Having been remoting for the best part of 5 years I've come to use irc alot as a primary means of communication for work.
Along the way I've learnt a few things that made a difference to how I use irc and allowed me to get the most out of it.
Be on irc if it's a part of the culture
If your role is non-technical it can be easy to not take part in irc e.g. I've heard in the past people dismiss as "just for geeks" :). However, if irc is a big part of how the company communicates, it's important for everyone to get involved. Especially if remoties form any part of the work force they'll appreciate you being there.
irc is easy to learn and people will generally be very happy to show new people the ropes.
Here's a great wiki page with a ton of information on how to get started with irc.
Stay connected whilst offline
If you're working with people that span timezones chances are there are going to be times when you need to talk to them and they're not awake and vice versa.
When you shutdown or put your computer to sleep you're not available on irc the moment your typical irc client disconnects from the server.
This means that if someone wants to tell you something they've got to wait till you're online or drop you an email.
An irc bouncer or server-based client allows you to stay connected permanently regardless of when you are offline.
Typically this means that when you reconnect the next day the backlog from when you were offline is replayed, thus any questions or messages people are sending you you'll see.
If you're not a developer and you don't want to run your own bouncer then you could always look at a hosted solution like irccloud which is a web client it costs a minimal amount per-month and you might even find your company can cover the cost.
Register your nickname
It's always a good idea to register your nick to stop someone coming along and taking your name. This is especially important if you want to be reliably available using a specific nickname. See this howto for how to set it up.
Highlight people you're talking to
If you know who you expect to get an answer to a question from it's a good idea to highlight them when talking to them.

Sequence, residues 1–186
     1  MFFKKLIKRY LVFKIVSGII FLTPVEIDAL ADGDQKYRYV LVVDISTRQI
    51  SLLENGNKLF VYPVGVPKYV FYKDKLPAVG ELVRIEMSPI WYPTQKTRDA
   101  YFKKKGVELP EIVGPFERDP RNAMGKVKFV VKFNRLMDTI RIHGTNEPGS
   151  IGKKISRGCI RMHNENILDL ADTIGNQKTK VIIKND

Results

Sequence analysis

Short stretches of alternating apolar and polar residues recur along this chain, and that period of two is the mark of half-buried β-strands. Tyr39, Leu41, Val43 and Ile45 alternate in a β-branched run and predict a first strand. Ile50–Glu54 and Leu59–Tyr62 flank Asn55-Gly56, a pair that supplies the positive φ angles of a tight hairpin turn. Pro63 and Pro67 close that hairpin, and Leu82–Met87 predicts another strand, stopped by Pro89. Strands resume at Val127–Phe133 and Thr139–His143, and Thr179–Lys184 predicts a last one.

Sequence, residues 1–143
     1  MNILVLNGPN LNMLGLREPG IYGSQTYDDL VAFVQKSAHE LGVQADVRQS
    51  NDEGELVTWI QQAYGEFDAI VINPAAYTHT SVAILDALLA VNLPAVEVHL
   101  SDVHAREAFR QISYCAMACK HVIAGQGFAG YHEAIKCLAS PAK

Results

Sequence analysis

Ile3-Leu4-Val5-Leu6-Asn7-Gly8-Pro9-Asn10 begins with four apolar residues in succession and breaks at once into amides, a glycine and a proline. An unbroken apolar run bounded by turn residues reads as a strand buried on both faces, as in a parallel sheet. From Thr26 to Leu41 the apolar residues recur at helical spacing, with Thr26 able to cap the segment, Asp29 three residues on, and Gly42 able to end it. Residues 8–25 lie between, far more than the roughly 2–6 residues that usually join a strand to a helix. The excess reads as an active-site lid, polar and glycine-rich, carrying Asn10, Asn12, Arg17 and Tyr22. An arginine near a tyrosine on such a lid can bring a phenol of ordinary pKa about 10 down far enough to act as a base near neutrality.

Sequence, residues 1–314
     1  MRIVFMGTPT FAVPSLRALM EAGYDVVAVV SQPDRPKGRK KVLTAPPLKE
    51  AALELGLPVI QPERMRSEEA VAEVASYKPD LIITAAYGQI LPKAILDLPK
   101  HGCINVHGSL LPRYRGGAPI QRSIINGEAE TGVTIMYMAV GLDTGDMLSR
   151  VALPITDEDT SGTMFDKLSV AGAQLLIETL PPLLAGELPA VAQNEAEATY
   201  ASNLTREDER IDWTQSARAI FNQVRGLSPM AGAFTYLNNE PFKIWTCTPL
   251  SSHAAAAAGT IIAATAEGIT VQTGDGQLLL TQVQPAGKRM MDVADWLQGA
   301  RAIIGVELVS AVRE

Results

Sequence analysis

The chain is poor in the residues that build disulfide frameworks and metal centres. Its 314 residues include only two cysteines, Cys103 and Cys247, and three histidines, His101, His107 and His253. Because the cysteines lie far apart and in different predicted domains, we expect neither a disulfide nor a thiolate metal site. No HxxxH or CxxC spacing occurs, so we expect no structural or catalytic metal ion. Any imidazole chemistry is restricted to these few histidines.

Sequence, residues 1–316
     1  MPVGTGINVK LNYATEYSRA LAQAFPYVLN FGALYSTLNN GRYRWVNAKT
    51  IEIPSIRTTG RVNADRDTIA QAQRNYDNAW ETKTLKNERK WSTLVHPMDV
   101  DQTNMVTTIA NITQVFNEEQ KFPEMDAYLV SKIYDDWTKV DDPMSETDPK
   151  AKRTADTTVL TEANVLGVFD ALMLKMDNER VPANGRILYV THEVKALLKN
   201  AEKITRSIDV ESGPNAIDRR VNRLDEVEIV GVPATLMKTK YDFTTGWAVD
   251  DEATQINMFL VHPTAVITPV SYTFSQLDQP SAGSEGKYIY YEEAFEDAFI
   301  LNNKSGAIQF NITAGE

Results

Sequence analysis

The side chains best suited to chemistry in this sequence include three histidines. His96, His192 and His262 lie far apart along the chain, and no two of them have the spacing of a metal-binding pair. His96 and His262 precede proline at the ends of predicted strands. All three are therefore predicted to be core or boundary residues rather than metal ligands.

So instead of:
[02:00:39] <Yondu> I can't seem to reproduce bug 123456
[02:00:39] <Yondu> muffinresearch: I can't seem to reproduce bug 123456
In this example because I've been mentioned by name I'll get notified of the question. This will also work if I'm replaying a bouncer backlog.
Most irc clients have auto completion for irc nicknames. This will also tell you if that person is connected. If they're not on the channel they won't be able to ever get the message (apart from looking at channel logs (unlikely)).
Configure additional highlights
Most clients have an option to allow you to be highlighted for more than just your nick. I tend to add things like my username for bugzilla so if someone links a bug and a bot displays the bug and I'm assigned I'll get highlighted.
As always choose carefully and don't have highlight set up for any words that will come up often or it will drive you crazy!
Ask questions at the start
Sometimes people will do this kind of thing on irc:
[02:00:39] <Yondu> muffinresearch: ping ... [09:01:21] <muffinresearch> Yondu: pong
And now I have to wait for the question.
Here's a much better way
[02:00:39] <Yondu> muffinresearch: ping, how do I do x,y and z. ... [09:01:21] <muffinresearch> Yondu: pong - ah you just need to do this, that and the other.
Now when Yondu's next online the answer is already waiting. You might find asking questions to people in this way is not the best fit for irc which brings us onto the next point.
Use private messages only when needed
Private messages are handy if you need to speak to someone in private (outside of a channel). However if you're asking someone a question PM'ing them is not the best solution unless it's something that you don't want in a public channel.
If you have a question it's best to ask out in the open. This way everyone gets to see the question and hopefully an answer too.